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  • Internal pressure dynamics of a leaky and quasi-statically flexible building with a dominant opening

    Guha, TK; Sharma, Rajnish; Richards, Peter (2013)

    Journal article
    The University of Auckland Library

    An analytical model of internal pressure response of a leaky and quasi-statically flexible building with a dominant opening is provided by including the effect of the envelope external pressure fluctuations on the roof, in addition to the fluctuating external pressure at the dominant opening. Wind tunnel experiments involving a flexible roof and different building porosities were carried out to validate the analytical predictions. While the effect of envelope flexibility is shown to lower the Helmholtz frequency of the building volume-opening combination, the lowering of the resonant peak in the internal and net roof pressure coefficient spectra is attributed to the increased damping in the system due to inherent background leakage and envelope flexibility. The extent of the damping effects of \'skin\' flexibility and background leakage in moderating the internal and net pressure response under high wind conditions is quantified using the linearized admittance functions developed. Analytical examples provided for different combinations of background leakage and envelope flexibility show that alleviation of internal and net pressure fluctuations due to these factors by as much as 40 and 15% respectively is possible compared to that for a nominally sealed rigid building of the same internal volume and opening size.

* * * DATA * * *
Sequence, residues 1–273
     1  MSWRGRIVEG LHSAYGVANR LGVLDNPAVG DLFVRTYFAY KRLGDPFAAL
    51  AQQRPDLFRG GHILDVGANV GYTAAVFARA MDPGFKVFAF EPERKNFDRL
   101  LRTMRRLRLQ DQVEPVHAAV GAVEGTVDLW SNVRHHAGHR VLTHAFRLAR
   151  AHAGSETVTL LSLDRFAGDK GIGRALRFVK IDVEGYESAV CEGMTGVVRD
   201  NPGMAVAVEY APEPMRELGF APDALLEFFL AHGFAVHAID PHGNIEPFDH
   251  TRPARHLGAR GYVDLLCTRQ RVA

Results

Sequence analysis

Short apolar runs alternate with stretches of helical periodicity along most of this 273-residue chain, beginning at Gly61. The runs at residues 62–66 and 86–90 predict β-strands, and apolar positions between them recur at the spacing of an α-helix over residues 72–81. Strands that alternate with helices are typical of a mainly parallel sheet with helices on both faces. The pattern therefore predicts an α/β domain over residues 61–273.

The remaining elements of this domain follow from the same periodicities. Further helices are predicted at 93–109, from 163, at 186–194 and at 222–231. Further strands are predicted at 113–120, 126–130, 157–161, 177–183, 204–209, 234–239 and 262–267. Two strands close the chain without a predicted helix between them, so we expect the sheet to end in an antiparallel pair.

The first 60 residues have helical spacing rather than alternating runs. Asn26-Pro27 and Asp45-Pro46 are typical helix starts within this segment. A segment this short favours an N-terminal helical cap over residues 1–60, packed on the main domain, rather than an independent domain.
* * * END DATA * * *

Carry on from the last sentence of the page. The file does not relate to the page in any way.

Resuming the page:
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  • Field studies of wind induced internal pressure in a warehouse with a dominant opening

    Guha, TK; Sharma, Rajnish; Richards, Peter (2013-01)

    Journal article
    The University of Auckland Library

    A field study of wind-induced internal pressures in a flexible and porous industrial warehouse with a single dominant opening, of various sizes for a range of moderate wind speeds and directions, is reported in this paper. Comparatively weak resonance of internal pressure for oblique windward opening situations, and hardly discernible at other wind directions, is attributed to the inherent leakage and flexibility in the envelope of the building in addition to the moderate wind speeds encountered during the tests. The measured internal pressures agree well with the theoretical predictions obtained by numerically simulating the analytical model of internal pressure for a porous and flexible building with a dominant opening. Ratios of the RMS and peak internal to opening external pressures obtained in the study are presented in a non-dimensional format along with other published full scale measurements and compared with the non-dimensional design equation proposed in recent literature.